African Penguin Fact Sheet


You can meet at the Racine Zoo:
Blue/Yellow, Female, born October 29th, 1984
Alake, Female, born February 17th, 1991
Robben, Female, born March 27th, 2006
Linus, Male, born January 28th, 2013
Eon, Male, born May 14th, 2007
Bob, Male, born January 4th, 2006
Norman, Male, born February 10th, 1995
Stevie, Male, born June 25th, 2009
Kobe, Male, born January 17th, 2016
Stanley, Male, born October 11th, 2009
Location at the Racine Zoo:
Near Meerkat Manor
Scientific Name:
Spheniscus demersus
Conservation Status:
Lifespan: 10 – 15+ years in the wild; up to 25 years in human care
Adult Size: Around 2 ft tall and around 7 lb
Diet in the wild:
Fish, squid, and crustaceans
Diet in the Zoo:
Various kinds of fish
Rocky, temperate, coastal beaches
Found along the coastlines of South Africa
Global-warming-induced shifts in the marine and atmospheric environment are destructive to the African penguin’s habitat and are a major threat to the bird. Other severe threats include guano and egg collection at breeding colonies, oil pollution, and commercial fishing. 


Fun Facts:

  • The only penguin species found in Africa.
  • These penguins dig nest-burrows, with guano (feces of seabirds and seals) being the preferred nesting substrate. The removal of guano for commercial purposes forces penguins to nest on the surface in the sand under the shelter of bushes. These sand nests increase susceptibility to heat stress and ready access to predators.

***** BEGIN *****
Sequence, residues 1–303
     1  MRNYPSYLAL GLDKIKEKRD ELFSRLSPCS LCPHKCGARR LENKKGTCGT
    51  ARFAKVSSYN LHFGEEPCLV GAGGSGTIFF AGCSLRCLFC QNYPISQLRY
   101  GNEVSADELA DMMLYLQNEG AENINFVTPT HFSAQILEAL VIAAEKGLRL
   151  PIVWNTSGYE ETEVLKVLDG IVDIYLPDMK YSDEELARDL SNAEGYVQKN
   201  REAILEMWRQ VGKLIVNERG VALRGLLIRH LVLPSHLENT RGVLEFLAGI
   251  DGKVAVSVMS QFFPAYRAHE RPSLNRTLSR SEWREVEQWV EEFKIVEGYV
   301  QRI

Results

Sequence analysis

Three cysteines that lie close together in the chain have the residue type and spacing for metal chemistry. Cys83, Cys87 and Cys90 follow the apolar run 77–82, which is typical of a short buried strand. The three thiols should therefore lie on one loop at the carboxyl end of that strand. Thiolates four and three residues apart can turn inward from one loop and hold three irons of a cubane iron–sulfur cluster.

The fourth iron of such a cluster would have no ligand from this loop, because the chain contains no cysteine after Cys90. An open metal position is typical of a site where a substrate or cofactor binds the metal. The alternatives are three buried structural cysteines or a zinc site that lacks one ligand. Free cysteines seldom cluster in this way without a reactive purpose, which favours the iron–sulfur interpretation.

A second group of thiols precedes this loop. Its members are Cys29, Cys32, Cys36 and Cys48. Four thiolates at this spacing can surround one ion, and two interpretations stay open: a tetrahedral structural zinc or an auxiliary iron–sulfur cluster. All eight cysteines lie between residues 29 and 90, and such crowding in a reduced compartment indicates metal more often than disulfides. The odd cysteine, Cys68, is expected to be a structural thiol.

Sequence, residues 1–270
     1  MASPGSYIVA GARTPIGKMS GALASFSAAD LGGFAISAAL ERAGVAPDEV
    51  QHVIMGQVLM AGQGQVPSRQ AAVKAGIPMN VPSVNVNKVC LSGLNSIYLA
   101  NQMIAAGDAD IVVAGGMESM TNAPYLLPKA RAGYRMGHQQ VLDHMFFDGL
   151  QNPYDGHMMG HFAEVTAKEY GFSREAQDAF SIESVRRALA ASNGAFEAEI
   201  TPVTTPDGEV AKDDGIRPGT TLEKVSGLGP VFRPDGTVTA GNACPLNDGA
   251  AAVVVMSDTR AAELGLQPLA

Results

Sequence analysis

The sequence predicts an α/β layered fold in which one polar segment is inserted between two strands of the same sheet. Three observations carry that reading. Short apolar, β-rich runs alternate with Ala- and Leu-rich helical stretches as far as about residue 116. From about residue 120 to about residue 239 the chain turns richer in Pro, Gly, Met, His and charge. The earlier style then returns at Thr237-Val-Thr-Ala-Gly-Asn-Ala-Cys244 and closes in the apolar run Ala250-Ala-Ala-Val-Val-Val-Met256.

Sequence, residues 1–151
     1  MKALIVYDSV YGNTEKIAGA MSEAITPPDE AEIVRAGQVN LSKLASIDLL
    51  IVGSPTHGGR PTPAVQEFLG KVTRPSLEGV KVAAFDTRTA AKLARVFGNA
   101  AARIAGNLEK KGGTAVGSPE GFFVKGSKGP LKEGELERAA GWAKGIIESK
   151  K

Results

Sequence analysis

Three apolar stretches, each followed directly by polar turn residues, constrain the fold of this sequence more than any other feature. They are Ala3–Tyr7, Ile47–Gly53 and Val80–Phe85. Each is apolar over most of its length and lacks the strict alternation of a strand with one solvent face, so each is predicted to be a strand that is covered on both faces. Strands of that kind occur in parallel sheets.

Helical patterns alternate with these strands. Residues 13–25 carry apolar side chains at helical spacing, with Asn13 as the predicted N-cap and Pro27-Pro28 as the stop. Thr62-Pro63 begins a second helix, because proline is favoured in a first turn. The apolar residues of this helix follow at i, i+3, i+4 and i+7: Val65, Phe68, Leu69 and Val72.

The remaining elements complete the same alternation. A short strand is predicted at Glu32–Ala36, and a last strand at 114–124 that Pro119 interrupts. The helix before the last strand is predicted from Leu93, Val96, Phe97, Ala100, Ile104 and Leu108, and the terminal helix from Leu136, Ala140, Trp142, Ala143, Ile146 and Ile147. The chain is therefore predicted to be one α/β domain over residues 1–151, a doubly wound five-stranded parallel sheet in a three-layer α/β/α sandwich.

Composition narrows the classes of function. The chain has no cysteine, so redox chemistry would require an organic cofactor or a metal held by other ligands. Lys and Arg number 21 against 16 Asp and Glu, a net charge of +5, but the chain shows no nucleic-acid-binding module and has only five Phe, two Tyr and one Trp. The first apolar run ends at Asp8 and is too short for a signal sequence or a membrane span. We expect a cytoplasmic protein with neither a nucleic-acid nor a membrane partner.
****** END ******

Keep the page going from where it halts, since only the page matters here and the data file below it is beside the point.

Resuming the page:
• Males are larger than females, with larger beaks.
  • African penguins are monogamous; they mate with the same individual for many years.
  • They can swim up to 12mph. An average dive of an African penguin lasts 2.5 minutes, and is regularly about 98 ft in depth, although depths of up to 426 ft have been recorded.
  • Also called jackass penguins because they emit a loud, braying, donkey-like call.
  • They have a small pink gland above each eye, which helps them cope with high temperatures. Blood is sent to the glands where it is cooled by the surrounding air, and keeps the animal cooler. The glands get pinker the hotter it gets.


Conservation Messages:

  • Fish that provide penguins with food is also the target of large commercial fishing. By participating in the Seafood Watch program you can purchase fish that is caught or farmed in ways that protect sea life such as the fish African Penguins eat, and their habitats. Use a Seafood Watch card or download the app to help guide you in your seafood purchases. 


Download our African Penguin Conservation booklet!


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